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The other day at the stop sign on Broadway, my grandsons and I were waiting to turn left onto Main Street, as the warm afternoon air invited open windows, my 10-year-old grandson, who called shotgun earlier, exclaimed “Look at that really cool car over there!” I answered, “That’s Lamar; he is a car buff who found a great job which allows him to buy cool cars through his business.”
Continuing, I said to my grandson, “Mr. Fairchild taught your grandmother Kelly to drive when at El Dorado and your dad too. And as things look he will probably have you and your brother sometime soon.”
Completely impressed with my modest generational history lesson, my grandson asked, “Do you think he will have an even cooler car then?”
Lamar Fairchild was my friend. He had been through a lot of life events most of us dread. Having lost a wife, Lynn, and then son, Mark, Lamar journeyed on. He taught a lot of subjects at El Dorado High. One of my favorite subjects in my junior year at El Dorado was English credits to study the “The Occult” — séances, haunted houses, plant and prayer, weekly reports on ghost stories. We visited haunted houses in Kelsey and Coloma. From a 16-year-old boy’s perspective, this was a very fun class. Lamar said he enjoyed that course up to the time a string of dead chickens was across his front door on two different occasions, along with an umpteen number of death phone calls. He smiled when talking about this shared experience.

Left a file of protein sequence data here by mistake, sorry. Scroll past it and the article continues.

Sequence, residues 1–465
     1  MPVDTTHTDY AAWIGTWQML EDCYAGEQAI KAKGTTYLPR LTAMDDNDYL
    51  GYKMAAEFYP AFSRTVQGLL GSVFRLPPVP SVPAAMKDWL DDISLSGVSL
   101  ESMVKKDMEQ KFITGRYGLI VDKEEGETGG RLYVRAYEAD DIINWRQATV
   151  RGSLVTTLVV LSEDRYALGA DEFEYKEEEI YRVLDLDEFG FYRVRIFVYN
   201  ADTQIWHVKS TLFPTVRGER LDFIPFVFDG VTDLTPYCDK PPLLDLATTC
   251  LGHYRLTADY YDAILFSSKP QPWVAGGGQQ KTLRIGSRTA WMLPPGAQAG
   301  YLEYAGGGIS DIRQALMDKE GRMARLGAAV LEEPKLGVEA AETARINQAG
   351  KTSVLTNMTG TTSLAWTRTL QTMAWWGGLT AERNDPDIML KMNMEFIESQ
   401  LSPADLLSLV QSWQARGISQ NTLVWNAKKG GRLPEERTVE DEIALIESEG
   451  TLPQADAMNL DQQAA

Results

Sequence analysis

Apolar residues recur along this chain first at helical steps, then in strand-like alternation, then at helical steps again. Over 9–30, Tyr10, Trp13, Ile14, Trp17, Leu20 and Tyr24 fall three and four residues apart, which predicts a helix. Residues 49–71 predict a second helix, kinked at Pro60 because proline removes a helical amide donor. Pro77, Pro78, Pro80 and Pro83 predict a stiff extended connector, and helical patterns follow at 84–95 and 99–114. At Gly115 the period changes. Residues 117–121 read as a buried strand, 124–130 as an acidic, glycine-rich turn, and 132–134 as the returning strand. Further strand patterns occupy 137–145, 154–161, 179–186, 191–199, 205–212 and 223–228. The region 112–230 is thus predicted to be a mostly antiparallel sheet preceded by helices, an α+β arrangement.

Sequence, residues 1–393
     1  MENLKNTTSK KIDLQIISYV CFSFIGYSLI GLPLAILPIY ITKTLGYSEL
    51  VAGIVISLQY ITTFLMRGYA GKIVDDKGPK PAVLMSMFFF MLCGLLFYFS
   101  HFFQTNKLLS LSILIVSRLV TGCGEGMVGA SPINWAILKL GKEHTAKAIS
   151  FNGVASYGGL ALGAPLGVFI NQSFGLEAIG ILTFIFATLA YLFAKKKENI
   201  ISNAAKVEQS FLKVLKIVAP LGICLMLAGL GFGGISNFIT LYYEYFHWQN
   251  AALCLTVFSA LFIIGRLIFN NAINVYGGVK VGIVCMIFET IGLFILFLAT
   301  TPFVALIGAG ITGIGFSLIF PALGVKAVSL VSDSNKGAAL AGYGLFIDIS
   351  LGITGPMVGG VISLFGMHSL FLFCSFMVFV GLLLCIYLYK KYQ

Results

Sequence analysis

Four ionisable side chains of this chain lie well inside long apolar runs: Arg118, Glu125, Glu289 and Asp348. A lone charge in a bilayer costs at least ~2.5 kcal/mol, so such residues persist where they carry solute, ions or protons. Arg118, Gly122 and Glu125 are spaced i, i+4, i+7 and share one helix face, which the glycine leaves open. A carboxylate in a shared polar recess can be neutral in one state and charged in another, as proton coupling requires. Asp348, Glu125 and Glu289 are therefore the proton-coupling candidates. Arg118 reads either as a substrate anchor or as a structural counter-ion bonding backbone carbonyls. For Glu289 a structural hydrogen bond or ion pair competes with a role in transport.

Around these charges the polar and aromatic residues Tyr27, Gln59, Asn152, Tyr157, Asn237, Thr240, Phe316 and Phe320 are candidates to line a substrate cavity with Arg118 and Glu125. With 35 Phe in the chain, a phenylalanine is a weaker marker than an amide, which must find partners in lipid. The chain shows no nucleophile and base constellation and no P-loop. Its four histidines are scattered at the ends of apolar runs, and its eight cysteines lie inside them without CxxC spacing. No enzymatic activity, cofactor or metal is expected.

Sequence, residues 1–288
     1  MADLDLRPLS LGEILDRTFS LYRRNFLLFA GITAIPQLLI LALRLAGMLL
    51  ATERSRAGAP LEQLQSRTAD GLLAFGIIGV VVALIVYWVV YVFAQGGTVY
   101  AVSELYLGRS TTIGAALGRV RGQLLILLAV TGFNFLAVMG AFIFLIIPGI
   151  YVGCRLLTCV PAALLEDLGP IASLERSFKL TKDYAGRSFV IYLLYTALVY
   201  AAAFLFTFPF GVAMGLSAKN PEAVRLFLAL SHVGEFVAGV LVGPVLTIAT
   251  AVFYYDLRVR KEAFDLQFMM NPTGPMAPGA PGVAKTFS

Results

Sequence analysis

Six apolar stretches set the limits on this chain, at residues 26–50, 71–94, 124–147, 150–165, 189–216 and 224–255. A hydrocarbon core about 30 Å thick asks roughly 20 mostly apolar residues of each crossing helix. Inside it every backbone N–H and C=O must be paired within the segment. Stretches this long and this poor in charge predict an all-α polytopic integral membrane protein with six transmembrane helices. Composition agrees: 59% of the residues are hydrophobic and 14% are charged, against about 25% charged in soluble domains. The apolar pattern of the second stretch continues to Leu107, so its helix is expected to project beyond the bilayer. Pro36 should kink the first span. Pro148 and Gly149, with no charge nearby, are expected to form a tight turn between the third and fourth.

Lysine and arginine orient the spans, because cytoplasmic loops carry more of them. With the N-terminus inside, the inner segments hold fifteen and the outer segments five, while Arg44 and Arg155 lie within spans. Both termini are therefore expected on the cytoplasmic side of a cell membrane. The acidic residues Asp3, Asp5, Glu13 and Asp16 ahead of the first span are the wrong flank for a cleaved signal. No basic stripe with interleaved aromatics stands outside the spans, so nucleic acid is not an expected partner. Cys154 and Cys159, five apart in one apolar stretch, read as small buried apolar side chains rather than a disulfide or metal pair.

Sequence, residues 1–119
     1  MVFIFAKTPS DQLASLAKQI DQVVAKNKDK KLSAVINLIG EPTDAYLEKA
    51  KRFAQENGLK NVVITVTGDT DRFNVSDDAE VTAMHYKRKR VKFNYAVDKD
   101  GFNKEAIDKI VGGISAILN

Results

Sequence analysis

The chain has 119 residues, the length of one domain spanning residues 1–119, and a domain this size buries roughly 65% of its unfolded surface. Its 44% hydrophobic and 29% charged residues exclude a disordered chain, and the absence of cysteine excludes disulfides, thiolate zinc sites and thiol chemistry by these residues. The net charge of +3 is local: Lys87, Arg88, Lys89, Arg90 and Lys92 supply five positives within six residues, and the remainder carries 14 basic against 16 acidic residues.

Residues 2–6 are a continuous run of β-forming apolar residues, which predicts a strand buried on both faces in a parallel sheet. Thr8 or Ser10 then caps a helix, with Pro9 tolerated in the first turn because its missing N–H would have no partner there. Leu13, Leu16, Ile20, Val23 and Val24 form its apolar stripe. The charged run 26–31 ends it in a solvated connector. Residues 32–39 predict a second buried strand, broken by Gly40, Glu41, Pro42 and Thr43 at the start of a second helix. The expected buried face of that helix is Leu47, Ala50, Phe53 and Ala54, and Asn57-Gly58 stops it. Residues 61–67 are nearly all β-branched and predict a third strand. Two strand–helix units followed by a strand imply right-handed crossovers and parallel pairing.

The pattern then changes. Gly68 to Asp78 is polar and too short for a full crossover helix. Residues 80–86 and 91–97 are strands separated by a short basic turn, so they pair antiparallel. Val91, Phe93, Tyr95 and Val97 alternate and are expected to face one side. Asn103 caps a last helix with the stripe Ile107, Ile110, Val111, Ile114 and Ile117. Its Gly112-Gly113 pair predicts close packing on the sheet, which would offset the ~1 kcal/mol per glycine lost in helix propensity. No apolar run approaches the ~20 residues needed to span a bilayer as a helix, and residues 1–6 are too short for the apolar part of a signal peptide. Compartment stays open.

As the driver education teacher at El Dorado he started “Friday Night Live,” a once a month dance event where us high school kids could congregate safely. He was in the forefront of what is known now as “Sober Gradation,” where seniors could enjoy themselves graduation night — all night they played then stayed at the gyms of El Dorado. While these events may sound simple, they weren’t. School administrators, teachers, parents and the community needed to buy in, and so too us kids, and many depended on Lamar to make it happen.
Lamar taught both Kelly and I English (don’t laugh). He taught our sons English and health. Lamar played basketball in college. He also tried the thankless job of basketball coach, then, became a pretty good referee. Those who attend El Dorado High School’s football games will miss his familiar play-by-play voice. When the state privatized student driving, Lamar saw an opportunity to buy really cool cars to drive around all day; he opened “Fairchild’s Driving School.” Generations of us and our kids went through this gentle man’s tutor.
All of us who knew Lamar, or Mr. Fairchild, will miss his smile and his largess will to give to others. While I have heard his voice turn stern a time or two, I do not recall having seen him angered. He rolled through the streets of Placerville for 40 years with his really cool cars while showing us how to roll with what life throws at us. Thanks big guy, from a student and a friend.